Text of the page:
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Question about pirouettes

Guest MarysMom

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Guest MarysMom

A question from a beginner dancer!!

Ok...we started pirouettes (sp??) this week in class. Everyone in the class had done them before, except for me! Therefore, we did not spend much time on them. I am confused about the outside and inside pirouettes...I keep getting them mixed up. I always turn the wrong direction or on the wrong foot. I make it around easily, but it is never the right one! I do ok in class, cause I can watch someone else, but on my own, I can't remember which is which! I would really like to figure out the difference before my next class, so that I don't continue practicing them wrong! Any advice for these would be great! Thank you in advance!!

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OK, easy one!


En dedans means "inside". The turn is in the direction that the toe of the supporting foot is pointing when à terre. En dehors means "outside" and turns in the direction that the heel of the supporting foot is pointing. Inside=toward the supporting leg, outside=away from the supporting leg.

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Hi Marysmom (I was writing this at the same time Mjr, Johnson was so sorry if I have repeated anything he has said )


Ok I'll give it a go, hopefully I won't confuse and if I do then hopefully someone else may be able to.


OK, what you need to try and understand first is that you can do pirouettes en dehors or en dedans.

En dehors means that you turn away form your supporting leg and en dedans mean that you turn towards your supporting leg.


So a simple en dehors piroeutte..you would start right leg front for example, degage the right leg out to second, your arms should be open in second also, as you now bring your right leg back to where you started from, you fondu so you have a small demi plie in fifth position. Your arm should now be in third postion (i.e. your right arm is as if it was in first position, but your left arm is out to second still). Then you releve on your left foot, bringing your right leg up to retire position (i.e. just under the knee), as you do that your left arm comes around to meet your right arm and you turn. (to the right). If its your left foot in front, you would turn to the left. The idea is to keep your eyes fixed on an object and as you turn you look at that object for as long as youcan, then turn your head quickly so you had your eyes off the object for a split second. That is called spotting and it helps you get around.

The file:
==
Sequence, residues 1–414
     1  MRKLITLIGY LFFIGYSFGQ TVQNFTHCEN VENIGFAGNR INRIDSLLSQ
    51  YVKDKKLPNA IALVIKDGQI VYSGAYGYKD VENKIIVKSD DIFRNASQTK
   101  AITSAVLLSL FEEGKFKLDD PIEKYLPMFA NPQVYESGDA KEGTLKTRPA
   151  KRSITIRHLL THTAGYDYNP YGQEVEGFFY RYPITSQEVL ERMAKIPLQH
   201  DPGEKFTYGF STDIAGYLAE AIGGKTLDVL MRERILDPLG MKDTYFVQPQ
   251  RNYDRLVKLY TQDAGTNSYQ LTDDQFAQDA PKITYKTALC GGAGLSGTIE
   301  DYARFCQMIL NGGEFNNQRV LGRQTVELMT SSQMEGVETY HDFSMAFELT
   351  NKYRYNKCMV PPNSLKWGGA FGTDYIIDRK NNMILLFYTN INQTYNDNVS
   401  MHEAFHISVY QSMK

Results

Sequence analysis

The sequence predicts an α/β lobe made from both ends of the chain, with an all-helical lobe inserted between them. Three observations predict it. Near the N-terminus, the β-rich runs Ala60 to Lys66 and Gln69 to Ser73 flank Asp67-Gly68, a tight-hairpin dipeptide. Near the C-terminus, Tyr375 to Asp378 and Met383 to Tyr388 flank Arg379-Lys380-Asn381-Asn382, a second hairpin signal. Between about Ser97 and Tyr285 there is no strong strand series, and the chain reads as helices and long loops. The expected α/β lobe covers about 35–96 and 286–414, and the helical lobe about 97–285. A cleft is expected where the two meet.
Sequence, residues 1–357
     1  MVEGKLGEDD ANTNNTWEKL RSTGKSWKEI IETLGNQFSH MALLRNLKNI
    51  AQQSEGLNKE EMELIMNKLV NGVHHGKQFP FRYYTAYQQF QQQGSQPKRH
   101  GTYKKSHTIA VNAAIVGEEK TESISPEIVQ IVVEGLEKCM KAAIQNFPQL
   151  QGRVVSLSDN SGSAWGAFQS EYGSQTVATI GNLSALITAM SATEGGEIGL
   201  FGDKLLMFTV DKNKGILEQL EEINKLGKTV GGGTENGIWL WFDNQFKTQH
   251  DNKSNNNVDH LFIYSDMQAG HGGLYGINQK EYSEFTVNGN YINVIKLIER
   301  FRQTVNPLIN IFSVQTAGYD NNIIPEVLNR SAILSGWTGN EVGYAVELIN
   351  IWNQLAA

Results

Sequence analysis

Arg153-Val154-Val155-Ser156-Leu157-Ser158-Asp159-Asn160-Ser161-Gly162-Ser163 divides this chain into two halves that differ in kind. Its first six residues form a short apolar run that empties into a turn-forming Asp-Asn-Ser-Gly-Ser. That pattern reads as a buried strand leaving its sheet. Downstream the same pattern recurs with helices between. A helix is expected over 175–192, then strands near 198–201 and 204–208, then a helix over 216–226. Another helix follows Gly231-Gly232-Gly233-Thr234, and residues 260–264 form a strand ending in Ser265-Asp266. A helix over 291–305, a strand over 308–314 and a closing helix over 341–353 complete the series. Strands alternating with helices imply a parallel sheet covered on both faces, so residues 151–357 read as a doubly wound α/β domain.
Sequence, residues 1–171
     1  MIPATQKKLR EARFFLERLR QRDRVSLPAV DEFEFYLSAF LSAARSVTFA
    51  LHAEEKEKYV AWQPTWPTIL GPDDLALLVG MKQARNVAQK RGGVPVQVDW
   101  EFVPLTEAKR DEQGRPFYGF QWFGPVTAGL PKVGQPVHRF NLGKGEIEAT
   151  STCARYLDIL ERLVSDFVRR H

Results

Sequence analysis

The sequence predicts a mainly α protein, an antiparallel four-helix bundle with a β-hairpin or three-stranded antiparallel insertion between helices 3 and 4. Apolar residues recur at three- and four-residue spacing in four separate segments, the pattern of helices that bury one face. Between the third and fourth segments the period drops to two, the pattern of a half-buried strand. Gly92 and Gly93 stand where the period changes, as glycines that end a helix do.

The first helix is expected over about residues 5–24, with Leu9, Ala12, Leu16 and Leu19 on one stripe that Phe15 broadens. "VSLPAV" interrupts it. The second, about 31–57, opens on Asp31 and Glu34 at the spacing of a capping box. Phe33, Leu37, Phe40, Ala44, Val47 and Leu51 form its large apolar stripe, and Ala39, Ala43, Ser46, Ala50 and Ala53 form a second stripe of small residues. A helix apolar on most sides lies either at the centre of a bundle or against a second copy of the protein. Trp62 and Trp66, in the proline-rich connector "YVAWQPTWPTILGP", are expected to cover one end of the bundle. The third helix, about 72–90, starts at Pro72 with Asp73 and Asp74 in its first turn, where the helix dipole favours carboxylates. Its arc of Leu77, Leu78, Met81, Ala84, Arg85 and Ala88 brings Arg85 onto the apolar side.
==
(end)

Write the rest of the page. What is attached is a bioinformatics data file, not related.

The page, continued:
SO you see, your left leg is the supporting leg and you are turning away from it.


Where you doing any pirouettes from what is called an open fourth position?:)

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Guest MarysMom

You should see me standing in front of my computer reading these and trying them on the carpet!! HAHAHA!! Glad I'm the only one home! This makes much more sense to me now!Thank you so much for your help!!

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Guest beckster

My problem is that en dedans FEELS like an outside turn! It doesn't help that at my childhood rhythmic gym club we called it an "outwards spin". My way of remembering which way to turn is to think about my arms. In a standard pirouette preparation you always turn towards the arm that's in first, and the arm in second has to catch up with it. I do like the toes and heels rule though Mjr Mel.

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A few good 'rule of thumb':

- you always turn on the front leg (you don't shift your weight backwards to turn... Always towards the front foot)

- An en-dedans pirouette is usually started with one leg plié front, and the leg at the back straight (lounge forward); an en-dehors pirouette, both legs would be plié in a small fourth position (although some methods would have one leg straight... I hope it's not your method, otherwise, that would be confusing ;) )

- an en-dehors pirouette, you'll need to be conscious about your knee going back -the one that goes to the other knee!- (otherwise, it will wrap you around like a spinning top); an en-dedans pirouette needs to push the supporting leg open (otherwise, you end up with an ugly looking 'in' leg also called 'en-dedans' in French! Ah! Same name as the pirouette, how easy is that? Not! ah, ok!)

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